13 Sharp Facts About Hook

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People of a certain age remember it fondly, but Steven Spielberg's Hook was not well-received when it was released in December of 1991. Critics found it overlong and curiously lacking in imagination, and though it was profitable, it wasn't the mega-hit everyone expected from a Spielberg movie about a grown-up Peter Pan played by Robin Williams. (It was the sixth highest-grossing movie of 1991. Among Spielberg movies, it ranks 15th out of 30.) Home video earned Hook some more young fans, and it eventually became something of a cult favorite for '90s kids.

1. THE FILM WAS DELAYED, APPROPRIATELY, BY STEVEN SPIELBERG'S DESIRE NOT TO BE AN ABSENTEE FATHER.

Steven Spielberg had been thinking about a live-action version of Peter Pan through the first half of the 1980s, but put it on hold in 1985, when his first child, Max, was born. "I guess it was just bad timing," the director later said, according to Joseph McBride's Steven Spielberg: A Biography. "I didn't want to go to London and have seven kids on wires in front of blue screens swinging around. I wanted to be home as a dad, not a surrogate dad."

2. IT WAS INSPIRED BY A 3-YEAR-OLD'S DRAWING.

Screenwriter Jim V. Hart had been trying to find a new angle to the Peter Pan story for years when, in 1982, his 3-year-old son produced a drawing. "He said it was a crocodile eating Captain Hook," Hart recalled in Steven Spielberg: A Biography, "but that the crocodile really didn't eat him, he got away ... So I went, 'Wow, Hook is not dead. The crocodile is. We've all been fooled.'" A few years later, Hart's son brought up the subject of Peter Pan again, asking whether he'd ever grown up. "I realized that Peter did grow up, just like all of us Baby Boomers who are now in our forties," Hart said. "I patterned him after several of my friends on Wall Street, where the pirates wear three-piece suits and ride in limos."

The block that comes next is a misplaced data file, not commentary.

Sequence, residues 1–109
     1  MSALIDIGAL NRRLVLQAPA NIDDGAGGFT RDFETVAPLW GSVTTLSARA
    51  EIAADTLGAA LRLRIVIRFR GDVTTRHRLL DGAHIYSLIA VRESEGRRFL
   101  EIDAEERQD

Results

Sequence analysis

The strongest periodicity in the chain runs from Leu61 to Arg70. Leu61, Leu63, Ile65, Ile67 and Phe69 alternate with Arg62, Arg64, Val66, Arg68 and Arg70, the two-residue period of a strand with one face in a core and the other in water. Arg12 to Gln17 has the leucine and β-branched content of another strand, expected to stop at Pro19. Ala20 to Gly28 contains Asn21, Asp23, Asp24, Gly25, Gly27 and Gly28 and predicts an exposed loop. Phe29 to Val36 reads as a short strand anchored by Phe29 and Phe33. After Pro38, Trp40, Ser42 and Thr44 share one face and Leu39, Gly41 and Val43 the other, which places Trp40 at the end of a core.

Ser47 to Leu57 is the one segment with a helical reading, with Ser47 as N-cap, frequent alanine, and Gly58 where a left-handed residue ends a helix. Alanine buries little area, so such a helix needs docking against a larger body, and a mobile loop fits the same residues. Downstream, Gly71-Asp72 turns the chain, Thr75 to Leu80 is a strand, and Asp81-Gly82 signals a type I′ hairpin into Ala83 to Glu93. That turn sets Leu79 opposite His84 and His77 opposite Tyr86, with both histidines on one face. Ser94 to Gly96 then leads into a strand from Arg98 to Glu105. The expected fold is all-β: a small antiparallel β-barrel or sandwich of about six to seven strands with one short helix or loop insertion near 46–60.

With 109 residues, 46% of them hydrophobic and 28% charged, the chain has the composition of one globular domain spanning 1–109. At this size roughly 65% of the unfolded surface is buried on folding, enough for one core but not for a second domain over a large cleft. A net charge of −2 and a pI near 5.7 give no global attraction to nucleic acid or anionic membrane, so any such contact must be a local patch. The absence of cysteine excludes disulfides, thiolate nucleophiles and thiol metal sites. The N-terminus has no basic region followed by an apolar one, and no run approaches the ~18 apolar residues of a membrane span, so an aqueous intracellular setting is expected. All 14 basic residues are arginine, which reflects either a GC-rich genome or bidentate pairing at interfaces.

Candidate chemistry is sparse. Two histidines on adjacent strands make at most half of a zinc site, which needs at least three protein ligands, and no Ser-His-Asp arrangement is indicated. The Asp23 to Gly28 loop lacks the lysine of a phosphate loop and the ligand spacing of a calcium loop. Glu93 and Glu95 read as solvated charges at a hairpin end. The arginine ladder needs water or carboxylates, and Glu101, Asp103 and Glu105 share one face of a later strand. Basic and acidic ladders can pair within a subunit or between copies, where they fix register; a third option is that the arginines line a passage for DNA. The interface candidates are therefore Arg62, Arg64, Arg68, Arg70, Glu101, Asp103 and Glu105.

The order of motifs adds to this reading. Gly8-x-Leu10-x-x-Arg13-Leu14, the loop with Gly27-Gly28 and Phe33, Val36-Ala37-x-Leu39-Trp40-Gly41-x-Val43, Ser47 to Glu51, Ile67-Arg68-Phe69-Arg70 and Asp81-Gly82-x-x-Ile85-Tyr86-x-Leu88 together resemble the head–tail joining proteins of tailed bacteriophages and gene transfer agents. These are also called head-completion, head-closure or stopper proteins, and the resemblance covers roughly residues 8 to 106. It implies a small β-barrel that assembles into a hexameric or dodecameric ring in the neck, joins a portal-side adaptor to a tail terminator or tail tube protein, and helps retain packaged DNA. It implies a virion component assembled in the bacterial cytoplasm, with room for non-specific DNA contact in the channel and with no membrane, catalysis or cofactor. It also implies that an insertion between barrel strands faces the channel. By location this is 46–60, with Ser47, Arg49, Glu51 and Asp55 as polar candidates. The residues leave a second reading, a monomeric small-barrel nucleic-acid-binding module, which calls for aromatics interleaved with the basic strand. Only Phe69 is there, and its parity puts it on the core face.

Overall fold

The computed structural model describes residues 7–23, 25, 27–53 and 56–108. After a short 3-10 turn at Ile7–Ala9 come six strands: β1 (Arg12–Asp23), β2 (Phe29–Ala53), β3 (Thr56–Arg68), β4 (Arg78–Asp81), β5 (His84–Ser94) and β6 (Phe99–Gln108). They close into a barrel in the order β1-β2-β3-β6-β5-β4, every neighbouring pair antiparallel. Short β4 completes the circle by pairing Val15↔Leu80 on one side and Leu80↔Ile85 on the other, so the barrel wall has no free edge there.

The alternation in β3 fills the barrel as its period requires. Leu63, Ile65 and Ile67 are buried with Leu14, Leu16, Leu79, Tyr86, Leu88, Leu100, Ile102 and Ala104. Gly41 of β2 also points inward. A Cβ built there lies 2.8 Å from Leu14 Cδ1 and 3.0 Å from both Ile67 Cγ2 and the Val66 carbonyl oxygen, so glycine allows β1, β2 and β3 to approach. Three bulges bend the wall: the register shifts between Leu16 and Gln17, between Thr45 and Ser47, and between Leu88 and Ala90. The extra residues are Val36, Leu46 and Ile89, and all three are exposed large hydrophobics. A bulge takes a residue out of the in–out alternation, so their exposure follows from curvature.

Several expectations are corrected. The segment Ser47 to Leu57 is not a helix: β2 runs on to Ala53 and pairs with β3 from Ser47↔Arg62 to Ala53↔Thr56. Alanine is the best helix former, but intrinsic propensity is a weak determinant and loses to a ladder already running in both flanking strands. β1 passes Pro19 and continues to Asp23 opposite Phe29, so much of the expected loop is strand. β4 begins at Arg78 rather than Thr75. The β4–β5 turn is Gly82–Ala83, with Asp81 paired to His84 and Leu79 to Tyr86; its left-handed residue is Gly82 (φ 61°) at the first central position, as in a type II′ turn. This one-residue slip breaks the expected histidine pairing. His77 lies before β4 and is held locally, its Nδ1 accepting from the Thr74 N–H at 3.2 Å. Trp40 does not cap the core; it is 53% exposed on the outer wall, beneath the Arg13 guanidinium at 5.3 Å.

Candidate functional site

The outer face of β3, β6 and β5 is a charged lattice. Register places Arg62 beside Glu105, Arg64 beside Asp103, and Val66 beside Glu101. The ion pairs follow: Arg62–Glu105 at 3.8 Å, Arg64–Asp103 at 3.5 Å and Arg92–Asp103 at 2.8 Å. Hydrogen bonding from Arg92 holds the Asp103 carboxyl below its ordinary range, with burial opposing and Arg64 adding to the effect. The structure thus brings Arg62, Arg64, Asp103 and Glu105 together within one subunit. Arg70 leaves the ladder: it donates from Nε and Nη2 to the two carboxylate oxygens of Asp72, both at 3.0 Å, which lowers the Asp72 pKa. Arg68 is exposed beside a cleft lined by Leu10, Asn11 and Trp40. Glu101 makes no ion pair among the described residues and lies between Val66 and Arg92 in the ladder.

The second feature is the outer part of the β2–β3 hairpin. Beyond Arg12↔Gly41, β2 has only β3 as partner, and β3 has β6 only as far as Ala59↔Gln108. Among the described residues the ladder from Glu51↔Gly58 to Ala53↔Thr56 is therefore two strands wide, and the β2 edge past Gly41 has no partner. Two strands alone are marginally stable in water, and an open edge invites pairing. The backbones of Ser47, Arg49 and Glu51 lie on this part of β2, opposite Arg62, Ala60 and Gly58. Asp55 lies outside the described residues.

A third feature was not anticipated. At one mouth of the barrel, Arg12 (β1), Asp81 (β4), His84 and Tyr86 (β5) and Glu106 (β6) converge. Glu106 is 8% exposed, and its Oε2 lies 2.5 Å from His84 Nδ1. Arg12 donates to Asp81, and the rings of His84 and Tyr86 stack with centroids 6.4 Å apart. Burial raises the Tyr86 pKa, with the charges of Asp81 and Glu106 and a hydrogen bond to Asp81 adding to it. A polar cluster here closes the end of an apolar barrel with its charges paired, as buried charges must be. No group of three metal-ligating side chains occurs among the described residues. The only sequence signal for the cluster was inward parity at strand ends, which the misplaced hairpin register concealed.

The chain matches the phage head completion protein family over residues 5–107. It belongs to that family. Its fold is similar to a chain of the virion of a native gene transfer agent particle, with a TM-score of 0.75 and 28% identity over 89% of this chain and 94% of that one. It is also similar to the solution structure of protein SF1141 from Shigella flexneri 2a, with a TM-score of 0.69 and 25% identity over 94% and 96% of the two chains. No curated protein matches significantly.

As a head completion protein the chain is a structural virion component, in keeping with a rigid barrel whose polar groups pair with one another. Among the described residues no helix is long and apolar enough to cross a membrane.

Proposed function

3. MICHAEL JACKSON WAS SPIELBERG'S FIRST CHOICE FOR THE LEAD.

Vinnie Zuffante/Hulton Archive/Getty Images

"Michael had always wanted to play Peter Pan," Spielberg told Entertainment Weekly in 2011. "But I called Michael and said, 'This is about a lawyer [who used to be Peter Pan],' so he understood at that point it wasn't the same Peter Pan he wanted to make." However, Vanity Fair reported in 2003 that Jackson had paid a witch doctor to put a curse on Spielberg (among others), so perhaps there was lingering resentment.

4. NICK CASTLE WAS PAID $500,000 NOT TO DIRECT IT.

The director of The Last Starfighter and The Boy Who Could Fly (not to mention an episode of Spielberg's Amazing Stories) was working with screenwriter Hart to get the movie made at Columbia-TriStar when Sony bought the company and put someone new in charge—Mike Medavoy, who'd been Spielberg's first agent. Medavoy sent Spielberg the Hook script for perusal, and Spielberg jumped at the chance to direct it. Castle was taken off the project with a $500,000 settlement and a "story by" credit along with Hart. (As the story goes, Dustin Hoffman and Robin Williams weren't willing to make the film with Castle anyway, so it wasn't a matter of Spielberg "stealing" a movie from another director.)

5. IT WAS ALMOST A MUSICAL.

The most famous previous adaptations of Peter Pan (the Disney cartoon and the Broadway show) had been musicals, so Spielberg had that in mind for his version. John Williams wrote several songs for it before the idea was discarded, later incorporating their tunes into the musical score. Two songs (with lyrics by Leslie Bricusse) did make it into the final film: "We Don't Wanna Grow Up" and "When You're Alone."